Tonawanda News

May 29, 2013

Business eyes Spaulding site for expansion

By Jessica Bagley
The Tonawanda News

Tonawanda News — Simmers Crane Design & Services is the first company to publicly announce its desire to take residence in the City of Tonawanda’s newly developed business park at the former Spaulding Fibre site. 

The company, which is owned by Pollock Research & Design, currently rents an 11,000-square foot facility on Fire Tower Road in the Town of Tonawanda, but is looking to move to a larger site. 

“We would like to stay in the Tonawandas,” the operations manager, Peter Gruenthaner, said. “But, essentially, we need more manufacturing space.” 

The company was founded in 1958 and builds and services overhead cranes typically found in machine shops that are used in steel mills as well as the automotive and power generation industries. Simmers has had a facility in the town for 10 years, and employees 30 people locally, Gruenthaner said. 

If the company does make the move to the city, Simmers would employ at least five more individuals.

But, at this point, the move is only in the application stage. 

“The only thing we have really done is apply for assistance from the Erie County Industrial Development Agency,” Gruenthaner said. “The project hinges on being able to get that assistance.”

The application to the ECIDA details the company’s plans to build a 20,000-square-foot building on 4.86 acres of the property. The project is estimated to cost $1.7 million. 

A hearing on the company’s application will be held Thursday, the ECIDA website states. If the application is approved, the ECIDA would assist the company by providing financial assistance — likely in the form of sales and use tax exemptions, a mortgage tax exemption and a partial real property tax abatement.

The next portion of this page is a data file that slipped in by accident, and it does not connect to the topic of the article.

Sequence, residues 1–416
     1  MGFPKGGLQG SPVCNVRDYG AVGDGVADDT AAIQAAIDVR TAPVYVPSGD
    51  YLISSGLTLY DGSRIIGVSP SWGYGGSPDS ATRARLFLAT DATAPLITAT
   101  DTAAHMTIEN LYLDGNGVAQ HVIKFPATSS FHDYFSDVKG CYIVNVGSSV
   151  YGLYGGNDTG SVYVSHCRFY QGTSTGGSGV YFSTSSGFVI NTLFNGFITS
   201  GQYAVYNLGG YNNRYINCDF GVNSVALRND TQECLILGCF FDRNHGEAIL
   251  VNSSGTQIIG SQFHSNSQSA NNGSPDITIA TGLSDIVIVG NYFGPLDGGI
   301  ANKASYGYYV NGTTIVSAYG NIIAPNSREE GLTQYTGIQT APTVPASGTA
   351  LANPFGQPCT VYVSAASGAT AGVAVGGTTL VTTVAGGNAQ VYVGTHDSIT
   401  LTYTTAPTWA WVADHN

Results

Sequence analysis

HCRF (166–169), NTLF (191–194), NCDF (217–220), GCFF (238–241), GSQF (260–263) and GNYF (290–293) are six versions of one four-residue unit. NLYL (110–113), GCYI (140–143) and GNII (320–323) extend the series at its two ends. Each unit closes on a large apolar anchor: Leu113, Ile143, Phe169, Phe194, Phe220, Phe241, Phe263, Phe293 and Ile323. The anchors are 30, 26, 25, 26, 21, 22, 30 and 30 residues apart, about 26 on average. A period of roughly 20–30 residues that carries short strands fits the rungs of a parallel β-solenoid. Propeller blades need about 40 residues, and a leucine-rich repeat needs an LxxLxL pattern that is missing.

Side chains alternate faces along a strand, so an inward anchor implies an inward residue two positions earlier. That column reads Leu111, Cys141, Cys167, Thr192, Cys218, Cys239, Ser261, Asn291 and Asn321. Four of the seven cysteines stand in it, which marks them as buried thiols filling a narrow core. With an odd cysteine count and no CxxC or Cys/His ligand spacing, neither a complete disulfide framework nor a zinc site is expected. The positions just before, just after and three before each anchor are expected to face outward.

The plans mark a new beginning for the Spaulding Fiber site, which housed 860,000 square feet of factory buildings. The company was once the largest employer in the city, and produced circuit boards for transistor radios among other things. 

But the jobs soon began vanishing and not long after, the plant shut down in the early 1990s. The 47-acre property was then tied up in bankruptcy until 2005, when the city was left with the deteriorating site.

Tonawanda, with the assistance of the state Department of Environmental Conservation, began demolishing the degenerating buildings. The cleanup and soil remediation took more than eight years, $20 million in federal, state, and county aid as well as an additional $700,000 from the city. 

In late 2011, infrastructure work began for the site’s future business park, which is now equipped with water and sewer lines, new roads, sidewalks and curbs. 

After Years and millions in renovation work, Mayor Ron Pilozzi said he is excited by Simmers’ plans. 

“Hopefully it will be the first of many organizations to break ground,” he said. “It will add to the tax rolls and give job opportunities to the folks in our city.” 

Pilozzi said the city began negotiating with the company several months ago. The cost to build on the property will likely be about $40,000 per acre, but that figure is subject to change depending on the amount of acreage sought.

The city has also negotiated with another company interested in building on the site.

“We have done everything I can possibly think of to make sure we have a shovel-ready site, and that we have the right climate to spur as much activity as possible,” Pilozzi said. “We are ready to go.”

Contact reporter Jessica Bagley at 693-1000 ext. 4150, or follow her on Twitter at @JessicaLBagley